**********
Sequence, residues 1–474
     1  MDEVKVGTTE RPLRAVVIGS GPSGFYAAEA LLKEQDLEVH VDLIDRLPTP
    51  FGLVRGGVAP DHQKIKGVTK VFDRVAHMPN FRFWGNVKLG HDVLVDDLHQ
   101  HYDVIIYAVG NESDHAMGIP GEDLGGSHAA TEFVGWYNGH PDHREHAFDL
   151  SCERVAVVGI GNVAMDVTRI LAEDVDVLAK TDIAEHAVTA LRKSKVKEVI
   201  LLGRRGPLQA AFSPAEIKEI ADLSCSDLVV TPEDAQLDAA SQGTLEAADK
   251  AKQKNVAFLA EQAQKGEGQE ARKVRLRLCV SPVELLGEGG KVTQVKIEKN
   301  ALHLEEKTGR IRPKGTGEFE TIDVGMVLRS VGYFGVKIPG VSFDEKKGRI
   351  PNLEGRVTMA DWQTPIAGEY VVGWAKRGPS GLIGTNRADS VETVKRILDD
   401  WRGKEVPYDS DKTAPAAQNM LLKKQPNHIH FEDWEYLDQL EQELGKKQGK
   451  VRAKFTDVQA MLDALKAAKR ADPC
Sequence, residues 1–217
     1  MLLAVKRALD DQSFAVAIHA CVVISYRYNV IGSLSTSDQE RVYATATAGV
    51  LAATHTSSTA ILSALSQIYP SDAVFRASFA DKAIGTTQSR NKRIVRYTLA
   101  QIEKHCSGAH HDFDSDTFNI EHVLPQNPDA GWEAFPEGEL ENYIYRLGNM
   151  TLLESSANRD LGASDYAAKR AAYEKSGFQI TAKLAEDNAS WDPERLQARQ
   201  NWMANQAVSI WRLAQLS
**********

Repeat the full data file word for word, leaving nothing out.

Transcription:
Sequence, residues 1–474
     1  MDEVKVGTTE RPLRAVVIGS GPSGFYAAEA LLKEQDLEVH VDLIDRLPTP
    51  FGLVRGGVAP DHQKIKGVTK VFDRVAHMPN FRFWGNVKLG HDVLVDDLHQ
   101  HYDVIIYAVG NESDHAMGIP GEDLGGSHAA TEFVGWYNGH PDHREHAFDL
   151  SCERVAVVGI GNVAMDVTRI LAEDVDVLAK TDIAEHAVTA LRKSKVKEVI
   201  LLGRRGPLQA AFSPAEIKEI ADLSCSDLVV TPEDAQLDAA SQGTLEAADK
   251  AKQKNVAFLA EQAQKGEGQE ARKVRLRLCV SPVELLGEGG KVTQVKIEKN
   301  ALHLEEKTGR IRPKGTGEFE TIDVGMVLRS VGYFGVKIPG VSFDEKKGRI
   351  PNLEGRVTMA DWQTPIAGEY VVGWAKRGPS GLIGTNRADS VETVKRILDD
   401  WRGKEVPYDS DKTAPAAQNM LLKKQPNHIH FEDWEYLDQL EQELGKKQGK
   451  VRAKFTDVQA MLDALKAAKR ADPC
Sequence, residues 1–217
     1  MLLAVKRALD DQSFAVAIHA CVVISYRYNV IGSLSTSDQE RVYATATAGV
    51  LAATHTSSTA ILSALSQIYP SDAVFRASFA DKAIGTTQSR NKRIVRYTLA
   101  QIEKHCSGAH HDFDSDTFNI EHVLPQNPDA GWEAFPEGEL ENYIYRLGNM
   151  TLLESSANRD LGASDYAAKR AAYEKSGFQI TAKLAEDNAS WDPERLQARQ
   201  NWMANQAVSI WRLAQLS